After a few general remarks about the corruption of racist education, and the determination of black militants to seize power, then control their destiny, the BSU spokesman demands that we all answer a question before he will continue—“What is a relevant education?" The question is deceptively simple, and a few of us attempt, in absolute sincerity, to answer it. We are hooted down. An answer is demanded of Bill Buckley. He defers: “I didn’t tome here to lecture you, and my views are well known.”

The assault takes a violent turn. We are described as stupid motherfuckers, and worse. A black woman from the Urban League, who is evidently in charge of our San Francisco tour, tries to intercede, saying that “you” are making it difficult for the next group. The blacks think she is talking about them, and derisively call her a white whore. She explains that she was talking about us. But the affair has gotten out of hand, and one or two indignant journalists have drifted out of the building.

The white radicals develop their critique of capitalist economics, in some heat and with considerable agitation. One of the Wongs says he’s had enough of our shit, and walks out. The Mexican-American representative, who ran for a student-council position as a conservative before being radicalized during the past year, speaks eloquently of the injustices of a racist society. Someone says there is no point talking with us as the “cats who run the country control what you write.” The meeting is adjourned.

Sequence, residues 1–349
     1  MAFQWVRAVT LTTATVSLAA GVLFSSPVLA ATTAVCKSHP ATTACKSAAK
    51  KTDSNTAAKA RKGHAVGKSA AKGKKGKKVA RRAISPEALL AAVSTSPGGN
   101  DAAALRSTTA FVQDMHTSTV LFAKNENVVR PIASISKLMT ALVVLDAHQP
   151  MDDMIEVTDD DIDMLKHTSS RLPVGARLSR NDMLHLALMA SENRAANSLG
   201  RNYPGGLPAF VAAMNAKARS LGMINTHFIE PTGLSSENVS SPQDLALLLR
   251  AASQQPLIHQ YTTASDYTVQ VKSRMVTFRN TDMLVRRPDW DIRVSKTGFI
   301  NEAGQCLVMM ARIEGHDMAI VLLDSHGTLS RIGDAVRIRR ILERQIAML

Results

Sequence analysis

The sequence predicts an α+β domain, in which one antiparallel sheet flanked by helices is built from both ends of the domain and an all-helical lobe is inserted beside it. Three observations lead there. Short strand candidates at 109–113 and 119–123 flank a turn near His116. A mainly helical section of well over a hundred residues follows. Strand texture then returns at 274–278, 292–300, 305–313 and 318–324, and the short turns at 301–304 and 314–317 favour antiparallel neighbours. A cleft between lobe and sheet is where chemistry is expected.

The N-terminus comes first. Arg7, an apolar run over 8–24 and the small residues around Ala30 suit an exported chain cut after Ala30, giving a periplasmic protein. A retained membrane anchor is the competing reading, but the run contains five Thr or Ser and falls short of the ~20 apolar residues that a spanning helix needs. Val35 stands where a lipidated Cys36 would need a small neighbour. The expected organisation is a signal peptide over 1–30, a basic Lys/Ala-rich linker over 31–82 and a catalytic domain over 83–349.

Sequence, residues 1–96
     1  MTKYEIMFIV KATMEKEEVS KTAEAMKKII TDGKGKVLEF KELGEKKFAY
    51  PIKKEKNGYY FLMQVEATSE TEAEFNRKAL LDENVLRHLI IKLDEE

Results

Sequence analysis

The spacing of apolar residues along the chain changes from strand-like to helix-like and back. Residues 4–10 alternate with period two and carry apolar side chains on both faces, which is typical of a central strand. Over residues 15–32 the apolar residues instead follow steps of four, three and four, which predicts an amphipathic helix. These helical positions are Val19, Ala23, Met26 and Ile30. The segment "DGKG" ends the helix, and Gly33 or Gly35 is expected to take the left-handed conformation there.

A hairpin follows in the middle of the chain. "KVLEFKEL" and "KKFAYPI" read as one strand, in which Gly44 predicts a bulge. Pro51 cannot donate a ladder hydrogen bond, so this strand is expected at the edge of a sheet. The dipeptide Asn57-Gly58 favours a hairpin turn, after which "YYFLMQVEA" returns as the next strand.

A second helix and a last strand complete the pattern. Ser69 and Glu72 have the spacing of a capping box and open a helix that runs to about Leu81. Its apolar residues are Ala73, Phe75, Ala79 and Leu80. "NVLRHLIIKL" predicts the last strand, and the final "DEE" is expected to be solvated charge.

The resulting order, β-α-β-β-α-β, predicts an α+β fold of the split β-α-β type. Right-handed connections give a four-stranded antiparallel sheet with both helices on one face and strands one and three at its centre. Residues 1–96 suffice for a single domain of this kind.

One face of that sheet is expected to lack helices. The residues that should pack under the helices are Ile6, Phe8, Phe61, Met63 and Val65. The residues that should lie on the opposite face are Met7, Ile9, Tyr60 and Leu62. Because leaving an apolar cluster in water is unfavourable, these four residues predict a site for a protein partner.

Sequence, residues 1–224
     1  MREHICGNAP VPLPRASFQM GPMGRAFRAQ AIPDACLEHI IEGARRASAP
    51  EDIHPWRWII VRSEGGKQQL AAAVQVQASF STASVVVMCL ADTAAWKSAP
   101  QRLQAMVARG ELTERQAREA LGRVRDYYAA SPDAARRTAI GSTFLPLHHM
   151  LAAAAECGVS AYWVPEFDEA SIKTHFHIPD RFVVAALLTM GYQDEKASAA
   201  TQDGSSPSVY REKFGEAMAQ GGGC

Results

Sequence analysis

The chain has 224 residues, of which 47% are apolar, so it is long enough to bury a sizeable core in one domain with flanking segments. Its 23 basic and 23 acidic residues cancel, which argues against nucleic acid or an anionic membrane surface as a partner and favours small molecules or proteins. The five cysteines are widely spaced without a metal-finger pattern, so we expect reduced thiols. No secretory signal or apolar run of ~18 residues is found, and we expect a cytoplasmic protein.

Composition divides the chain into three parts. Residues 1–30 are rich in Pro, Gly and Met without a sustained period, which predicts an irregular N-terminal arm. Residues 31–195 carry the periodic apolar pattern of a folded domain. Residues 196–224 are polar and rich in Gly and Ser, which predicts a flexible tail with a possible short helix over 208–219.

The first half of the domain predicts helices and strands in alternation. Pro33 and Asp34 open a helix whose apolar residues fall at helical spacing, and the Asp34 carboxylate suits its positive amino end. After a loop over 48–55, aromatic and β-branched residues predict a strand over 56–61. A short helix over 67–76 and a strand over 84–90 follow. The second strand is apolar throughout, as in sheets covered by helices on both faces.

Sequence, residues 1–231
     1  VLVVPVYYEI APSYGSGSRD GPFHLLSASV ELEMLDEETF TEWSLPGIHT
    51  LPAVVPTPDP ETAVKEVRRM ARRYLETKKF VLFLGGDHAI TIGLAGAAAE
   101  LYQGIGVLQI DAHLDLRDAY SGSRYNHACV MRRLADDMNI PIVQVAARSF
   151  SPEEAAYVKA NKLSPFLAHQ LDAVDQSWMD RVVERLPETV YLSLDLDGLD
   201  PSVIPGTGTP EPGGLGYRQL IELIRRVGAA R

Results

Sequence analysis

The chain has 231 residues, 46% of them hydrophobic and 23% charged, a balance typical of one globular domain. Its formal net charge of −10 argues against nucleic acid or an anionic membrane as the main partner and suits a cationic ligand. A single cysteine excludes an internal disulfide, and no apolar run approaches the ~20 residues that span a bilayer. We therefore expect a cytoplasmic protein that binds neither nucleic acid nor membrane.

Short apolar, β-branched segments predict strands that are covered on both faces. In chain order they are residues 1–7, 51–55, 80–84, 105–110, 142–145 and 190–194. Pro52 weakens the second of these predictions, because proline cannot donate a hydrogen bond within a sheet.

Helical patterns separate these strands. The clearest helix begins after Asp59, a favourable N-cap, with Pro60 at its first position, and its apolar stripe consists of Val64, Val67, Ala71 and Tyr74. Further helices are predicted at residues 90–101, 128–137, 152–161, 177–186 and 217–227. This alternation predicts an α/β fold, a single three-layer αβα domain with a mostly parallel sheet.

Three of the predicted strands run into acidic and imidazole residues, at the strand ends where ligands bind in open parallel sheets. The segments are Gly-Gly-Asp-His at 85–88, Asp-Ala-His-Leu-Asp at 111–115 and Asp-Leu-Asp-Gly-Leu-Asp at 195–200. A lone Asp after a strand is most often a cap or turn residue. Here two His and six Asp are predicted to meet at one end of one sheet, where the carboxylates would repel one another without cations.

My guide’s name is Bill Middleton. He is twentyseven, a graduate student at Berkeley, and teaches international relations at San Francisco State, where he studied as an undergraduate. He has a wife and three children, a battered 1962 Falcon, and he turned down graduate fellowships at Stanford, Harvard, and Pitt to stay in the Bay area. He is a member of the BSU, associated with the Black Panthers, the editor of a slum community newspaper, a director of several community welfare organizations, and a vice president of California’s Young Democrats. He is an extraordinary mixture of militance and industry, and he is a patient and perceptive friend during our tour of San Francisco’s Fillmore area.